ASCC semester off to good start after early challenges
The current fall 2012 enrollment figure at the American Samoa Community College (ASCC) stands at approximately 1,800 as of this week, pending the conclusion of enrollment for the American Samoa Teacher Education Program (ASTEP).
With the first week of regular session classes now completed, the semester is getting underway in the normal fashion, with the students settling into their new schedules and instruction proceeding at full speed ahead. The College’s usual civic and social activities for students will soon get in gear, and a number of noteworthy ASCC events still lie ahead as the semester unfolds.
While the College experienced a challenging start to the semester due to a combination of unforeseen factors during registration, these factors have subsequently been reviewed and solutions pinpointed. “Registration usually proceeds in a much smoother fashion than it did on this occasion,” said the College’s Vice President of Academic Affairs Dr. Kathleen Kolhoff-Belle,” and we are confident that by the time students register for spring 2013 the challenges we faced this time will have been addressed and resolved.”
ASCC Registrar Mrs. Sifagatogo Tuitasi explained that the period in which a new course catalog is introduced always brings challenges. “Our curriculum is now based on the 2012-2014 ASCC Catalog, which has substantially different academic requirements from the previous edition,” she said. “Our introduction of the College Accelerated Preparatory Program (CAPP) and changes to our degree requirements meant that we needed to continue making changes and revisions to the catalog until this summer, which is in turn why we could not offer our standard pre-registration for continuing students.” ASCC has revised the requirements for its Associate of Arts (AA) degree based on recommendations from the Western Association of Schools and Colleges (WASC), which necessitated a re-adjustment of its course offerings over the next two years. “Our degree requirements now place a stronger emphasis in Student Learning Outcomes,” said Dr. Kolhoff-Belle, “with careful attention to provide our students with the skills to ether further their education or enter the workforce.”
Because no priority registration had taken place during the spring or summer, more continuing students than usual turned up on the first day of registration, which had been designed to primarily serve new students. “Many continuing students were concerned that the new students would fill up the available classes,” continued Tuitasi, “but the majority of new had in fact tested into pre-100 level classes for CAPP, so there was never any actual cause for concern that most regular classes would not be available.” The CAPP program, piloted over the summer, gives incoming students who test into developmental levels of English and Math the opportunity to come “up to speed” for regular college courses at an accelerated pace before they enter courses numbered 150 and above. Becoming familiar with processing both CAPP and regular ASCC students proved a challenge for the ASCC registration staff the first time around, but by the next registration will have become a normal part of the process.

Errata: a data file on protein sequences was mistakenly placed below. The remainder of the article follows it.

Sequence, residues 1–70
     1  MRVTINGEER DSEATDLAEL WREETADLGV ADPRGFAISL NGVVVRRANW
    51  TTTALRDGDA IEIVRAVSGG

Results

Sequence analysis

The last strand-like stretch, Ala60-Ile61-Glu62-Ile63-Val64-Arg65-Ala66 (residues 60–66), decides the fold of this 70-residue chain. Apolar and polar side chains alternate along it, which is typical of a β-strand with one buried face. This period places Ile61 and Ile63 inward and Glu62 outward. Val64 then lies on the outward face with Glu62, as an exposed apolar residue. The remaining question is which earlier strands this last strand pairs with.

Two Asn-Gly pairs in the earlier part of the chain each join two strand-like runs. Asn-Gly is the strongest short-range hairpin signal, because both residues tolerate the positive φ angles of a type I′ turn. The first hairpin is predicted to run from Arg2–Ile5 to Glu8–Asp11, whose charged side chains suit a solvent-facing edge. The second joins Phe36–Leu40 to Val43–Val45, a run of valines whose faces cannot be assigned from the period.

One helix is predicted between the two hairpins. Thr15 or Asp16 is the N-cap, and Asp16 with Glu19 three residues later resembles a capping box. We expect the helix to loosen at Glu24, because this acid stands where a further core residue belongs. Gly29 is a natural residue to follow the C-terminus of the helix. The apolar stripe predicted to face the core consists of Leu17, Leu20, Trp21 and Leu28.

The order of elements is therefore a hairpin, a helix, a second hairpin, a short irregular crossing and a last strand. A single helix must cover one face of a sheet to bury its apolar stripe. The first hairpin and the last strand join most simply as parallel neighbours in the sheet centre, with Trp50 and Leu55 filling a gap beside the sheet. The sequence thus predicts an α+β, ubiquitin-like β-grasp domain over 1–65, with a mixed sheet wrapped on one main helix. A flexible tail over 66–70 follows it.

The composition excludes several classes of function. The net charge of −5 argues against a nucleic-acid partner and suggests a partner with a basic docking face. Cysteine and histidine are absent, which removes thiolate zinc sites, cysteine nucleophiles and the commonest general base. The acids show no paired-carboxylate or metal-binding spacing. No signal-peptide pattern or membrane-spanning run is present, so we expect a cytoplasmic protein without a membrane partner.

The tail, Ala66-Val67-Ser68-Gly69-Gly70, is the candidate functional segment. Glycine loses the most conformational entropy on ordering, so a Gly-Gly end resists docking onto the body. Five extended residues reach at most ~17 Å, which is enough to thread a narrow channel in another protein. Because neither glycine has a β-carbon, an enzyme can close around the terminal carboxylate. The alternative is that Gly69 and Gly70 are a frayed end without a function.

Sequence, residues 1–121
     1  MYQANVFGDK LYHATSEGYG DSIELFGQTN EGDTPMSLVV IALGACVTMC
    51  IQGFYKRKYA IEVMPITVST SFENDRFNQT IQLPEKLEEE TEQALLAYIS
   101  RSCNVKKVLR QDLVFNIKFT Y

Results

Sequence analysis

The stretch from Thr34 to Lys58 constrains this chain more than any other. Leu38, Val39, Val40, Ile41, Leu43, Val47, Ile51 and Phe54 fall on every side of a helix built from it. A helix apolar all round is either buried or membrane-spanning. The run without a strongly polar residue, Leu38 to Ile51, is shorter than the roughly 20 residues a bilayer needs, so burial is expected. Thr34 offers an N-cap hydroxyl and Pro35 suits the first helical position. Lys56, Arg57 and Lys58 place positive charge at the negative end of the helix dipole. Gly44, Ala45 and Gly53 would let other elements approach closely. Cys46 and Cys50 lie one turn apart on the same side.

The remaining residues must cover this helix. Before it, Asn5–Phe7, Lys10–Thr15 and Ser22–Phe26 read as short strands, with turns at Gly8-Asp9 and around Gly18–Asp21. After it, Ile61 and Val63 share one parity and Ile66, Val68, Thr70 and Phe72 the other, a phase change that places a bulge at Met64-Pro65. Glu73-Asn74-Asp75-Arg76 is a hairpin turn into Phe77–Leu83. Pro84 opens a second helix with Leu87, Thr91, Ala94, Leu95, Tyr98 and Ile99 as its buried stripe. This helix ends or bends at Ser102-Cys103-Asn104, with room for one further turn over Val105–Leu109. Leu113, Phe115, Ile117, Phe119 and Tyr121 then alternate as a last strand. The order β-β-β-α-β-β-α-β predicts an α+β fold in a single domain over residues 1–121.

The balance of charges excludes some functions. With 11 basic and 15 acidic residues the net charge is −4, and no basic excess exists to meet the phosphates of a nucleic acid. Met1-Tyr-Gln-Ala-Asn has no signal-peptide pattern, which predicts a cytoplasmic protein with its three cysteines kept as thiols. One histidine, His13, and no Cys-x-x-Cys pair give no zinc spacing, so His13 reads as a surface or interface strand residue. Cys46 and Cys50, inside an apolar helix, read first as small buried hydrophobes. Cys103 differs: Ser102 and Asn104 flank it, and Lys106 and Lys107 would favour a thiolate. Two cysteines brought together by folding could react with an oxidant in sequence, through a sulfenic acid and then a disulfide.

Fall 2012 also marked the first occasion where continuing students registered using the College’s new online system. The online registration system, tested over the summer with mostly positive results, had some students frustrated as they negotiated it for the first time, while the College staff were also still familiarizing themselves with how to input last-minute schedule adjustments. Although these factors caused some delay in the registration process, Management Information Systems (MIS) Director Grace Tulafono said that overall the online system proved satisfactory. “With the online system still in development, we want to hold one more online registration that takes place on campus,” she explained, “but as of spring ASCC students will be able to register online either from home or other computers on or off campus for the spring 2013 semester.”
ASCC President Dr. Seth Galea’i reiterated that the College has learned from the recent experience and is now concentrating on its primary mission. “We hope the public understands that the inconveniences during this semester’s registration were caused by factors beyond our control,” he said. “These are just growing pains in a process that ultimately result in a more efficient system for both ASCC and its students. Although we got off to a bumpy start, over the first week of classes it appears everyone has settled in comfortably and from here on in we intend to focus on our main goal of achieving and maintaining academic excellence.”
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